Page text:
The corner office on the 37th floor with the expansive windows offers a spectacular view of Manhattan, a stately setting seemingly far removed from the mundane world of airport baggage carts, resourcinol and frozen-food trays.
But within those unglamorous niches grew riches from the portfolio of buyout firm Castle Harlan. Leonard Harlan, the president and co-founder of the firm, has never lost sight of the firm’s core business, and no penthouse view could obscure that focus.
“We buy dull companies in mundane industries. That’s what’s been said of us. Yes, we do, and we grow them and energize them,” said Harlan, during an interview in his Midtown Manhattan office. “I love this business. It’s a turn on. And when I see people achieve great success, it makes me feel good. I feel like I’ve won.”
Harlan has won a lot more than he’s lost in a career spanning more than 35 years, starting with Donaldson, Lufkin & Jenrette. He joined DLJ in 1965 when it was a small company, with two dozen employees total. So small you could meet people easily, which is how he met a man named John Castle. The two joined the firm within a week’s time of each other as vice presidents, became partners three years later, and then went their separate ways.
But they stayed in touch, dining about once every quarter and discussing what it would be like to start a firm together. The goal wasn’t realized until 1987 22 years after they met – but it’s been a success story ever since.
The firm’s acquisitions have consistently generated strong growth, with high resale prices. For example, the $280 million fund it launched in 1992, Castle Harlan Partners II LP, using the niche strategy, achieved a 68% annual return. As Harlan put it, “It’s not how you buy a company, it’s what you do with it once you own it.”
On one level, Castle Harlan looks for the same ingredients most other buyout firms would: a well-established business, capable management in place, or an available group of managers with a proven record who are willing to invest their personal capital; a strong operating income with predictable cash flow. Or, alternatively, a company with declining profitability that can be reversed through strategic redirection.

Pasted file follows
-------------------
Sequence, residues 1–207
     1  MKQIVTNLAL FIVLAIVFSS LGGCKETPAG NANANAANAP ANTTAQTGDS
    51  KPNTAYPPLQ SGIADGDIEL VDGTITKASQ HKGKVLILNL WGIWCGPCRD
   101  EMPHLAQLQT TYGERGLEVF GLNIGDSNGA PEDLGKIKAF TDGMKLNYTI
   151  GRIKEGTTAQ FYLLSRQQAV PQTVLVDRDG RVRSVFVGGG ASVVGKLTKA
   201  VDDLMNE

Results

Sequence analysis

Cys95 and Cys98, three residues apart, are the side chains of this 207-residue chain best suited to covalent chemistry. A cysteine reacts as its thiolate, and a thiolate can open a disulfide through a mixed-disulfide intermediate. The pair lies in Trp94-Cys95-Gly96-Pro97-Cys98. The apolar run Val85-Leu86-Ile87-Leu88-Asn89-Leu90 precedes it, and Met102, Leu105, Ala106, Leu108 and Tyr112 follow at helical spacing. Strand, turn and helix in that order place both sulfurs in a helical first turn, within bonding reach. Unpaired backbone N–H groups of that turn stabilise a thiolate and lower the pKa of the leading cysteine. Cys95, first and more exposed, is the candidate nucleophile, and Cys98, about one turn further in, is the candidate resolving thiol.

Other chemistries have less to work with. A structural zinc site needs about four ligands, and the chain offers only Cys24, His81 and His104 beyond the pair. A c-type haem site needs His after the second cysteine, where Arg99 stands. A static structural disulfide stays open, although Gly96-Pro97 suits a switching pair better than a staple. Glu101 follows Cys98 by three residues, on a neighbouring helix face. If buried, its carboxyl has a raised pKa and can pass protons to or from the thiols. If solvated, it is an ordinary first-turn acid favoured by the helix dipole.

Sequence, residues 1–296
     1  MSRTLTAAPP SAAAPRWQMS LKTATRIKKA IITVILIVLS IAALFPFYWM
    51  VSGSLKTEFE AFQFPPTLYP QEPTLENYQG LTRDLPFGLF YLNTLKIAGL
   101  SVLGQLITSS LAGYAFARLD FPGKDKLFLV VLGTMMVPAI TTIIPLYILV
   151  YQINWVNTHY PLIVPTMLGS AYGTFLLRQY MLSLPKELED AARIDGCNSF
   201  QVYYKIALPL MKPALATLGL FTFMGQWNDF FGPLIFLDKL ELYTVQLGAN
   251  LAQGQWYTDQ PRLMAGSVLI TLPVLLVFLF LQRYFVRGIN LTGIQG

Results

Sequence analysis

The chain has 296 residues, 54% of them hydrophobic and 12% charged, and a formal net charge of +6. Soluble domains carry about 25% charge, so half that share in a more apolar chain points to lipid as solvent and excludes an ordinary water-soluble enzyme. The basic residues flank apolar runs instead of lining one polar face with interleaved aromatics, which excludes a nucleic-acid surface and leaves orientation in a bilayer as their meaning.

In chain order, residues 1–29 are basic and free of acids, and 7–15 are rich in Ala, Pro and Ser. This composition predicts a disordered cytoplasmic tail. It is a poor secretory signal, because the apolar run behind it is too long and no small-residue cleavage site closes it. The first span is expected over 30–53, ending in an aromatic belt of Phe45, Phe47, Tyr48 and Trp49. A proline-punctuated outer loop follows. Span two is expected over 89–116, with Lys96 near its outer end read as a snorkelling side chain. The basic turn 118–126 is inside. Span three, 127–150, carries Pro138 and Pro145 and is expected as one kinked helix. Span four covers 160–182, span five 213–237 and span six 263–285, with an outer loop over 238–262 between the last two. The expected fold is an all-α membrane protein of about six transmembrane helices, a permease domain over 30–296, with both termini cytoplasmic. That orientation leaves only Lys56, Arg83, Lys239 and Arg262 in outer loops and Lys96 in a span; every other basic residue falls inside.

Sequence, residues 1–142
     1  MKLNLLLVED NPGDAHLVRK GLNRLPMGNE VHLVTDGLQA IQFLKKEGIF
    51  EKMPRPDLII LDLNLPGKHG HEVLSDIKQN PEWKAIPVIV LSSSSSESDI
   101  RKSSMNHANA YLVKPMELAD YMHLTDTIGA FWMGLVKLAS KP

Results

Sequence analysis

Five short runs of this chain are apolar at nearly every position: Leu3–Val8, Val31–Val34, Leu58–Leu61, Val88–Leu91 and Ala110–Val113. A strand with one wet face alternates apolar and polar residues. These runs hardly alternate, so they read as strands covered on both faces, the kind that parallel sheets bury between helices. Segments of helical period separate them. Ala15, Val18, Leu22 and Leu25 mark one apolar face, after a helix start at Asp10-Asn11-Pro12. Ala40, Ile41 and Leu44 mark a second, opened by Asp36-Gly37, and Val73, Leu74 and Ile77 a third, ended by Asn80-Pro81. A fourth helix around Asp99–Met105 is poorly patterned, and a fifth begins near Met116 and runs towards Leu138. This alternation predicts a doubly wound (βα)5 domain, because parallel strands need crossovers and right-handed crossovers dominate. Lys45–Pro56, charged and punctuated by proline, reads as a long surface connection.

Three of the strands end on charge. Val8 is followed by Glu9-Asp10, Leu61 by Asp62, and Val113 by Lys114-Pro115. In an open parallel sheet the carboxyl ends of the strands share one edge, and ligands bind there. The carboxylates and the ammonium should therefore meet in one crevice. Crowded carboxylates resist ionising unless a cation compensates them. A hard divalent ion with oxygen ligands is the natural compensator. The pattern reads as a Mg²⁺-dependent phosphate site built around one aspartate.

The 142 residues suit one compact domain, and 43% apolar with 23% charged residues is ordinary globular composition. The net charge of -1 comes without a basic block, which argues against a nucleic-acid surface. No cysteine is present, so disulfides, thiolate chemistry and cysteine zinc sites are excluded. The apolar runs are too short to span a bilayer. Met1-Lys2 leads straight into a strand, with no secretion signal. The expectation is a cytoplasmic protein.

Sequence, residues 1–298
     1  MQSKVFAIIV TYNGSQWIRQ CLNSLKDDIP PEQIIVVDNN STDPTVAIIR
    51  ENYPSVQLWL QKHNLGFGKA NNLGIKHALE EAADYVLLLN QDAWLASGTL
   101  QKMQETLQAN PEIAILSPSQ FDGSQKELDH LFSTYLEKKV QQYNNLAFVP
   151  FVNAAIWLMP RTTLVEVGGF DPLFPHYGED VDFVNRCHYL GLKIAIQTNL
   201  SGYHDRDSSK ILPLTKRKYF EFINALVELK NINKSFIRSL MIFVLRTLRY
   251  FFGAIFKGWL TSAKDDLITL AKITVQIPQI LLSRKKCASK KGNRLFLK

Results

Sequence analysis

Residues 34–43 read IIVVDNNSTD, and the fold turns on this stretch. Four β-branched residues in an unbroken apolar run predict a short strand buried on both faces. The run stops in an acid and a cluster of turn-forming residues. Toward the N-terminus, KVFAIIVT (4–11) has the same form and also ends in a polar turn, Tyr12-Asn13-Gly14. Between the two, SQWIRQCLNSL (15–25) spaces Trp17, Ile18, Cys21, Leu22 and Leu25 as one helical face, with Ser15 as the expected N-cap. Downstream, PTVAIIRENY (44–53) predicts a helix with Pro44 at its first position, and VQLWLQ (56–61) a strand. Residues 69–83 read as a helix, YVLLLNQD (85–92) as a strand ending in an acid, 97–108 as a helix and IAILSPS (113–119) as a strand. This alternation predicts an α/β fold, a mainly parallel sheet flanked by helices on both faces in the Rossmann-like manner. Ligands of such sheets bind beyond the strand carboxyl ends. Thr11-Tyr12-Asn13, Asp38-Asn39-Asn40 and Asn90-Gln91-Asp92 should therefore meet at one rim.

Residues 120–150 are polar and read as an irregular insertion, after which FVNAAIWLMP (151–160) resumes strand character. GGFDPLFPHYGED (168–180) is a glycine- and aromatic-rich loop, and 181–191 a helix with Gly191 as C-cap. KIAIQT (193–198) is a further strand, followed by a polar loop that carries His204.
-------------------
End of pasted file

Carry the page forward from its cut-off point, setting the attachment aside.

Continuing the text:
What distinguishes it from others, though, is the type of sectors it explores: hidden treasures. The two founders are among 14 professionals in the firm including six on the investment committee (a seventh partner resides in Australia, with Castle Harlan Australian Mezzanine Partners).
The firm’s professionals rely on a legion of talent scouts people they have met or done business with over the years to unearth companies that dominate certain niches. In 1993 Castle Harlan acquired Smarte Carte Inc., the nation’s No. 1 airport baggage-cart vendor. At the time Castle Harlan figured that with the economy growing, air travel would rise with it. They figured right. After the buyout, the vendor added 7,500 carts to the existing 25,000 and installed devices that accept credit cards. Smarte Carte saw cash flow almost triple. Castle Harlan later sold it to the Dallas buyout firm Haas, Wheat & Partners for $113 million, from its original $9.7 million equity investment.
Two current holdings reflect the diversity of Castle Harlan’s niches. Ion Track Instruments is the world leader in building explosive detectors, with 60% market share. The company’s products were on display at the Sydney Olympics, but probably no one knew it. And that was the intention.
Another Ion Track product enables a rapid, non-intrusive scan for concealed contraband at airports, prisons, customs checkpoints, government buildings and other high-security locations. The Federal Aviation Administration signed a three-year deal to use the products at U.S. airports
“Unfortunately, this is a growth industry,” Harlan said of explosive detection devices. And while that’s bad for the world, it’s good for Castle Harlan.
In all of his firm’s businesses, Harlan wants to see employees at all levels put money into the company, to have a vested interest, so they can reap the returns when the company is sold.
Although much of its success can be traced to identifying and cultivating opportunities in niche markets, Harlan said, “the quality of our relationships is the cornerstone of our business.”
And that extends to the executives who sit on Castle Harlan company boards, including heavyweights such as Al Casey, former head of American Airlines.